SINGAPORE: The process for a person or organisation to appeal against a direction order issued by a Singapore minister under the proposed Protection from Online Falsehoods and Manipulation Act (POFMA) should be “fast”, “simple” and “relatively inexpensive”, said Law Minister K Shanmugam on Tuesday (Apr 9).
Mr Shanmugam said this is a similar approach to the measures he hopes to introduce in the amendments of another law - the Protection from Harassment Act (POHA) - which was tabled on Apr 1.
He was speaking during a dialogue session organised by the Association of Muslim Lawyers (AML) and non-profit organisation Wise SG.
The minister pointed out that the POHA has been in existence for a while, and he has been meaning to amend it to make the processes "much faster and to reduce the cost very substantially".
Some of the initiatives laid out in the POHA amendments include creating a new Protection from Harassment Courts, which will be a specialised court with oversight over all criminal and civil matters under this law.
It will also have simplified procedures with expedited timelines for certain types of applications, including claims for damages up to S$20,000, as well as applications for Protection Orders and Expedited Protection Orders.
In terms of timelines, Mr Shanmugam had shared some of his thoughts on the POHA in a speech he made at PAVE in February. He said then the courts told his ministry that for an Expedited Protection Order, they will aim to hear these within 48 to 72 hours of the application.
Where there is a risk of violence or actual violence, the courts will try to hear the application within 24 hours, he added.
"We intend to take a similar approach (for POFMA): Make it quick and make it as inexpensive as possible," Mr Shanmugam, who is also the Home Affairs Minister, said.
He said he intends to prescribe the timelines and the amount people will have to pay when it comes to appealing to the High Court against the directions issued by a minister about a deliberate online falsehood. The details are expected to be announced during the second reading of the proposed legislation.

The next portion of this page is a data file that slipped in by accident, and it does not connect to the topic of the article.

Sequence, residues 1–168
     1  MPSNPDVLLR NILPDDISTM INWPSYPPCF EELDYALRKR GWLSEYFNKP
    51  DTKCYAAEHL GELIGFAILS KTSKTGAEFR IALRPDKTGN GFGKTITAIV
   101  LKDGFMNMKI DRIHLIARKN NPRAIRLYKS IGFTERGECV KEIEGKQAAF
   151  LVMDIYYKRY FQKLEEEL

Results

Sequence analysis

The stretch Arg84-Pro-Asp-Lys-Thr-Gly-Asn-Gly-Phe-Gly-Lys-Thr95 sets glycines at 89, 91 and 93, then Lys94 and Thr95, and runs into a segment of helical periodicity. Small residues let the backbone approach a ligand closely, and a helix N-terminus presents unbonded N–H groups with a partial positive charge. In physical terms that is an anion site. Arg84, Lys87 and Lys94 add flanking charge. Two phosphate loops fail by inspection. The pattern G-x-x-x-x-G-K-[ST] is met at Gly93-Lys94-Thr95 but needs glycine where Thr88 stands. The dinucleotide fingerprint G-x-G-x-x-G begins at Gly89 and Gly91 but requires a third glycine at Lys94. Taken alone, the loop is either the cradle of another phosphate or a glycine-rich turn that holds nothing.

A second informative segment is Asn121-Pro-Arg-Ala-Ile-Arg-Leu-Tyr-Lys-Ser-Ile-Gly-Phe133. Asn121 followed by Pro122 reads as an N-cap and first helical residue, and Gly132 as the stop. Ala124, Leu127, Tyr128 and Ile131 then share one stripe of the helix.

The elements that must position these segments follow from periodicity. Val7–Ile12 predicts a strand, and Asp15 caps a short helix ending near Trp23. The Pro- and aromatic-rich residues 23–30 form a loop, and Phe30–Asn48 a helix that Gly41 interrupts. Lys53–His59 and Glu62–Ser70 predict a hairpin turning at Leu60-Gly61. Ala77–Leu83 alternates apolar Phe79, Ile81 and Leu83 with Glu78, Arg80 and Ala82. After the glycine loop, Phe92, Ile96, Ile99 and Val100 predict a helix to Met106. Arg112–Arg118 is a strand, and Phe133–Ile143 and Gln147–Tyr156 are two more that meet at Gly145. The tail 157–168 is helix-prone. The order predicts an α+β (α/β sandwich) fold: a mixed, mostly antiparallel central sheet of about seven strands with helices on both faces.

The intention is also to make the process simple so that people won’t need a lawyer, Mr Shanmugam said.
"Of course people can employ lawyers, but we want to try and make the process such that even if you didn’t have that lawyer, you can go in and post in a form and it sets out your position," he explained.
"We want to try and make it fast and relatively inexpensive."
The proposed law stated that no appeal may be made to the High Court unless the person had first applied to the minister who issued the direction, and the latter had refused the application whether in part or in whole.
The cost and time taken for the appeal process had been brought up as a point of concern.
During the question-and-answer period of the dialogue session, Mr Shanmugam also addressed the issue of why ministers are going to be given the power to issue directions against deliberate online falsehoods, and whether a third-party body is better served to function in this role.
The minister said the issue would be one of accountability, as the ministers can be questioned in Parliament by other MPs and they can also be questioned in the court of law.
Mr Shanmugam also queried the formation of a third-party body to determine when directions need to be issued against falsehoods, asking who will appoint the members of said body. If it is the Government, then the same issues will be raised again, he said.
There is also the fact that these ministers are elected officials, and the decisions they make could also be reflected by people’s votes during a General Election.
"Then you stand or fall by your decisions," Mr Shanmugam said.
More than 160 guests, including senior faith leaders, principals, senior educators and students from polytechnics, junior colleges and madrasahs, attended the dialogue on Tuesday, according to the press release by AML and Wise SG.